+ "Do you understand that this is a gimmick? It's a test. I want to pass the test, so as for me and my house we're going to serve the Lord." Idaho pastor and state Rep. Tim Remington continues to hold in-person church services. (Tim, you failed the test.)

+ Hobby Lobby Keeps Disobeying State Stay-at-Home Orders.

+ "The papers - there were several local papers back in those days - are also filled with tales of locals refusing to stay home, to suspend business, to quit enterprises that risked their lives. Despite the edicts, business carried on in the mining camp." When Butte wouldn't shut down.

7

Keeping Out with The Kardashians

"Over the past two years, [she] has become a force in the world of criminal justice reform. She has successfully lobbied President Trump, spent time on the phone with governors and legislators, written letters in support of clemency petitions and paid legal bills for people trying to get out of prison." NYT: Inside Kim Kardashian's Prison-Reform Machine.

8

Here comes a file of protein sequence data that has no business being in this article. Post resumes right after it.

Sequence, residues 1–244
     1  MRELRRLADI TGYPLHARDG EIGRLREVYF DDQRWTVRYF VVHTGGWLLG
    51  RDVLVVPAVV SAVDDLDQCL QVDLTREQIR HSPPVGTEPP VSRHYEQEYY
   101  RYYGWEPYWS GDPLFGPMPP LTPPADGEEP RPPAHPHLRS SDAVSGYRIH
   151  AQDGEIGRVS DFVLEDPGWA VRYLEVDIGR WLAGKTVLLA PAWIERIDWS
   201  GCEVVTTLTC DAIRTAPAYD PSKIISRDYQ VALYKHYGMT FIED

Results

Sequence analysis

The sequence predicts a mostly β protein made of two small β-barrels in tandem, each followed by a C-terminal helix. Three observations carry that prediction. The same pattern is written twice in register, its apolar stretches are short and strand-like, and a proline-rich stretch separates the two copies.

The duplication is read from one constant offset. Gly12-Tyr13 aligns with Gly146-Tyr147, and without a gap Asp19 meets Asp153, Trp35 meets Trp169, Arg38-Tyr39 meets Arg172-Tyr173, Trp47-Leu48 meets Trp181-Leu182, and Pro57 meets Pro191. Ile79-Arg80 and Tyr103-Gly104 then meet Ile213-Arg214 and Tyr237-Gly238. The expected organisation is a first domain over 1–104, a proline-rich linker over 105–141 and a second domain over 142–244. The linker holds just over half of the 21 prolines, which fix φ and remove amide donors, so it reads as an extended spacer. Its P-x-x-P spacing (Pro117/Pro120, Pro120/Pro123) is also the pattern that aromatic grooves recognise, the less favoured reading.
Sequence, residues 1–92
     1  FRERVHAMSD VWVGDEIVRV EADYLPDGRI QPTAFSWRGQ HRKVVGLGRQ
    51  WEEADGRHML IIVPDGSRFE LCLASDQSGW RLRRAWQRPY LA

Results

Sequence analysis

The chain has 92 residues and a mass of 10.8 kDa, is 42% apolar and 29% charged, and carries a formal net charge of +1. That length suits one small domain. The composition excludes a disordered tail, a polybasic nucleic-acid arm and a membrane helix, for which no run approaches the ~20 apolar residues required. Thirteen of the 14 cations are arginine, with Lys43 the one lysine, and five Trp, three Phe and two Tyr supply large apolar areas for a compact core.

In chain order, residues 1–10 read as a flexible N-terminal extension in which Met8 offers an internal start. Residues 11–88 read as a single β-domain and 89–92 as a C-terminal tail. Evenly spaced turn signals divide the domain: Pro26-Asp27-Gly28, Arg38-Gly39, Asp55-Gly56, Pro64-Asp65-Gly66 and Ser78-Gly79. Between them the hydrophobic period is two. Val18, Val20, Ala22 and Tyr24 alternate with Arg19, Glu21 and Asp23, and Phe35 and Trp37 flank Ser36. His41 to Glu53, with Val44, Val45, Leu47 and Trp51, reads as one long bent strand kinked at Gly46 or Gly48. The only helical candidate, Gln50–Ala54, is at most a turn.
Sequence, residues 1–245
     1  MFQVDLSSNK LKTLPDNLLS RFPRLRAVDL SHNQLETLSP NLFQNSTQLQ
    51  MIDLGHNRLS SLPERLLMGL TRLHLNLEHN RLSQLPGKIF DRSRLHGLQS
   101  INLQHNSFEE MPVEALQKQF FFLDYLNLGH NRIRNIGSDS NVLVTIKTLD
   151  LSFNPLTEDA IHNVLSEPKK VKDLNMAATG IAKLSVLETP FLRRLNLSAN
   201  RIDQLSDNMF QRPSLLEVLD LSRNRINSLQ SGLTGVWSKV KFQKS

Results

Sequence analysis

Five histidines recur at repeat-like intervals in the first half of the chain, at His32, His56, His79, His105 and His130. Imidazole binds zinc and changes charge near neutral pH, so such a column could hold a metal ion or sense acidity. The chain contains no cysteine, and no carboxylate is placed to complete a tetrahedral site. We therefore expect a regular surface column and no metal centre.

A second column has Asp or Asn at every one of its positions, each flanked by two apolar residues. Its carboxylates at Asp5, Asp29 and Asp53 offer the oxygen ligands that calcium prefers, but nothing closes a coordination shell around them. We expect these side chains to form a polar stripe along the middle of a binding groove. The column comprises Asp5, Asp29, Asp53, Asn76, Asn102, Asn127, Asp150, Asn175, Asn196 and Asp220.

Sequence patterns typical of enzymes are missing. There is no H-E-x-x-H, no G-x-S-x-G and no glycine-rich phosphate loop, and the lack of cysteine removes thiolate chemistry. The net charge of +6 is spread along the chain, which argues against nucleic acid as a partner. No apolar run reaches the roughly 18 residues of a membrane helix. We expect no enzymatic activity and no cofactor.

197,980 B.C. (Before Corona)

"When I finally arrive at the property in the early afternoon, she welcomes me to her wooded outpost wearing hand-stitched leathers. She heats her 900-square-foot log cabin by tending a wood-burning stove. For illumination she prefers the flicker of a tallow lamp, in much the same way that she favors water collected from the river to that which flows readily from her faucet." Outside: The Woman Who Lives 200,000 Years in the Past. (At this point, I'd settle for living in 2019...)

9

Feel Good Thursday

"Tavi, an engineer who grew up taking apart the family vacuum cleaner to see if he could put it back together, said he would sleep on it. But he didn't sleep. Instead, he made a pot of coffee and downloaded the more than 300-page manual for the LTD 1200, the type of ventilator state officials said they needed repaired." Can you fix ventilators? A fuel cell engineer figures it out.

+ James Patterson sets up fund to help indie booksellers.

+ Andrew and Chris Cuomo with the brotherly banter we need. For just the highlights, the Recount has TV's best new family drama: The Brothers Cuomo.

+ Need to get outside? Explore has all the webcams you need.

10

Something, Something, Something Murder

The most excellent Damon Lindelof has kindly offered to share a serialized story with NextDraft readers to help us, and him, through the quarantine. Next Chapter tomorrow. Past chapters here.

+ Meanwhile, the Lindelof story is getting some decent coverage, but this article got a little dark towards the end. "NextDraft is a site created by the late Dave Pell, which produces ten new stories everyday." (What can I say? Damon drove a hard bargain...)

+ This would be a good time to Draft Some New Readers.